Good news, everyone! Today we’re going to be taking a look at the Brainstorming mechanics in Atomic Robo. AS implied by the game’s focus on Action Science, Brainstorming is an important aspect in any action-science yarn, and the rpg has special mechanics for implementing this activity in the game.
A Brainstorm is a series of scientific observations put together to form a hypthesis with regards to the phenomena under observation. This is rarely as boring or sedate as it sounds in Atomic Robo, as this is often accompanied by punching, or explosions.
So how does it work?
First off, it has to be triggered in-game by asking a relevant question. “What’s going on here?” “How do we stop it?” are all good for starting a brainstorm.
At this point everyone who wants to participate in the Brainstorm does so cites a reason why they’d join by compelling one of their aspects. This means that those who join get a fate point.
Next, it’s time to establish the facts. All participants roll simultaneously to create and advantage using a relevant skill against a difficulty of Good (+3). The player who succeeds with the highest result is the “winner” and gets to record a “victory” and introduce a fact.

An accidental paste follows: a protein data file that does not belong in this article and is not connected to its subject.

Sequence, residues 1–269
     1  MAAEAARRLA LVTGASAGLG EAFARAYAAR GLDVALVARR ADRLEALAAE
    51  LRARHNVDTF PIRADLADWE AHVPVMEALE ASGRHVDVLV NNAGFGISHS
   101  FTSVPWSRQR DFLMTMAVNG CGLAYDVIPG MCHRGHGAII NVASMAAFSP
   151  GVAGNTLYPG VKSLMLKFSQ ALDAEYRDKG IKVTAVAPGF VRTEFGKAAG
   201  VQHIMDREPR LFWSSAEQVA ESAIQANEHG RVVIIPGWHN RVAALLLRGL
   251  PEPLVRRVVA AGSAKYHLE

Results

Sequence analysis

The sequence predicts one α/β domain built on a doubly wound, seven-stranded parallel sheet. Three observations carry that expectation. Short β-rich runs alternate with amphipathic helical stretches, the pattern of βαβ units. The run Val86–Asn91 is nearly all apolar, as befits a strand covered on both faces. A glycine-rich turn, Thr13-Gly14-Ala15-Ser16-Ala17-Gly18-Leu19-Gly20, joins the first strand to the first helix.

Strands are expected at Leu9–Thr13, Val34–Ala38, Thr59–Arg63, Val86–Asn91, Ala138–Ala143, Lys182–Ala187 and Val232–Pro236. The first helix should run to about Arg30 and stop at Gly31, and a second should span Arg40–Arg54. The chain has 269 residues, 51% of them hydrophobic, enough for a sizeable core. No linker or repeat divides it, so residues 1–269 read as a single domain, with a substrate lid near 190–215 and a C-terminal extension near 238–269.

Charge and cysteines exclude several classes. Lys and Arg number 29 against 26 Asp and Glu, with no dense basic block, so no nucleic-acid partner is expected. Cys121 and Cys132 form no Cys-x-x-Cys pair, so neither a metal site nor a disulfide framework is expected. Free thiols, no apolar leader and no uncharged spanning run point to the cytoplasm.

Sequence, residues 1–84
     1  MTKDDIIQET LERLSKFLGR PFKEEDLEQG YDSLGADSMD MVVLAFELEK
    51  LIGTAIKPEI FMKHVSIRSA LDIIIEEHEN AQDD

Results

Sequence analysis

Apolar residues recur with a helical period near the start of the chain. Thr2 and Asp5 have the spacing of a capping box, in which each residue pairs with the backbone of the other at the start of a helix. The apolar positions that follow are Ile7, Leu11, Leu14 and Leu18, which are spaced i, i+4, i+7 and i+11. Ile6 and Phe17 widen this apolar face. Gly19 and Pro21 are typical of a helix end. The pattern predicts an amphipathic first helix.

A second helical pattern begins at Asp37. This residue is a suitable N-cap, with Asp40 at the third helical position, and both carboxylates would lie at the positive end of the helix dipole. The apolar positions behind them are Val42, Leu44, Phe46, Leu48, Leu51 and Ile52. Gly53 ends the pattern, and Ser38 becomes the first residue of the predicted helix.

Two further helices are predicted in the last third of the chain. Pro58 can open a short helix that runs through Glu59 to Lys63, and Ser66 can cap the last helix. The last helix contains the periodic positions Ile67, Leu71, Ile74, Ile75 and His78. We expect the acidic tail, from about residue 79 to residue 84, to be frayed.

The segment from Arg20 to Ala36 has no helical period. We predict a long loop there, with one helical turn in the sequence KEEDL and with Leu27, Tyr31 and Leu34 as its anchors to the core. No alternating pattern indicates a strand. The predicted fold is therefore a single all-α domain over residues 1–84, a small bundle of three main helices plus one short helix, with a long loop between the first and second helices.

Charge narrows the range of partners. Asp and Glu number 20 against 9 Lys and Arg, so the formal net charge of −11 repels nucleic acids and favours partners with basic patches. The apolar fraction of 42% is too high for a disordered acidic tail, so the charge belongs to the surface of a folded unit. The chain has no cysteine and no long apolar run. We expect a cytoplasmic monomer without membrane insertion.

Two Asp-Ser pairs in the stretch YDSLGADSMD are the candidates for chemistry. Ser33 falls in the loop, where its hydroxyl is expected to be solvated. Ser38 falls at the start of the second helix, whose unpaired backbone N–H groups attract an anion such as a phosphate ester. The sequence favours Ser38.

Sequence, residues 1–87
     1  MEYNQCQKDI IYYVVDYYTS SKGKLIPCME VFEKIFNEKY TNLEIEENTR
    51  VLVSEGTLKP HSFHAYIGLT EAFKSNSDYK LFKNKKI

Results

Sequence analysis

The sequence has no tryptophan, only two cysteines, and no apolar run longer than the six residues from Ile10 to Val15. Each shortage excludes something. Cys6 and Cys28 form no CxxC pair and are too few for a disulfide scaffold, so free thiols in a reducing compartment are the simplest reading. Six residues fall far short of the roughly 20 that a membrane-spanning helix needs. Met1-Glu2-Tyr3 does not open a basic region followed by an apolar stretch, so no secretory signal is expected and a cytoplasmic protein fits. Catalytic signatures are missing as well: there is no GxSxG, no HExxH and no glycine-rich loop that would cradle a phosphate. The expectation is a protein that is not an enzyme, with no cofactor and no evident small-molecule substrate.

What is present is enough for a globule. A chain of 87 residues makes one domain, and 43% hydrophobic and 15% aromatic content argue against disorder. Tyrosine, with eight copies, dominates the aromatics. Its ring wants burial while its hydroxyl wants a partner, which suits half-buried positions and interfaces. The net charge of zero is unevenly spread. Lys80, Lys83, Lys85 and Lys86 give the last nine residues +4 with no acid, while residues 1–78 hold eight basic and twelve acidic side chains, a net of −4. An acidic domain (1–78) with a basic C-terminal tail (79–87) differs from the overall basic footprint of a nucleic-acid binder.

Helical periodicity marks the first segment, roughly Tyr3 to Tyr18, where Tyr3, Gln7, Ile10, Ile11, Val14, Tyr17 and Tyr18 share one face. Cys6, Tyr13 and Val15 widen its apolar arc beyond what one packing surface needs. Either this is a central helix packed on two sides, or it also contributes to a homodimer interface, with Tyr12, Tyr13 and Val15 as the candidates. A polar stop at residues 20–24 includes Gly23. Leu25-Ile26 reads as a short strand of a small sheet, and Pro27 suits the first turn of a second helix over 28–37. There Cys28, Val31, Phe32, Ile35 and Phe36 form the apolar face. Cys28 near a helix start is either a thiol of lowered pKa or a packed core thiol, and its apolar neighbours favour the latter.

This fact has to be related to the skill used, and relates to the situation at hand. It has to be stated as an objective fact, even if it wasn’t established beforehand. This is one of those instances when the Player characters have narrative control over an aspect of the game.
Next, the second fact has to be established, and is resolved in a similar manner, except for the difficulty, which is now the score of the previous fact’s winner. Again, a new fact arises on a successful roll.
The following step is to repeat for a third time, to come up with a total of 3 facts.
Finally, a Hypothesis is made, wherein all the players roll against each other in order to roll the highest. The winner of this roll gets to come up with a hypothesis that dictates what is going on. Again, this is a moment when the player gets to dictate the game through Narrative Control.
I find that the Brainstorm rules are quite brilliant and fits in the category of rules that further the mood and tone of a given fiction without being needlessly complicated. It’s a lovely exercise of giving narrative control to the players, but does so in a fashion that has a strong structure to guide them, and with an eye towards coming up with a fun game.
Next week we’ll pick up with the second half of the Science chapter, dealing with everyone’s favorite child of Necessity: Invention!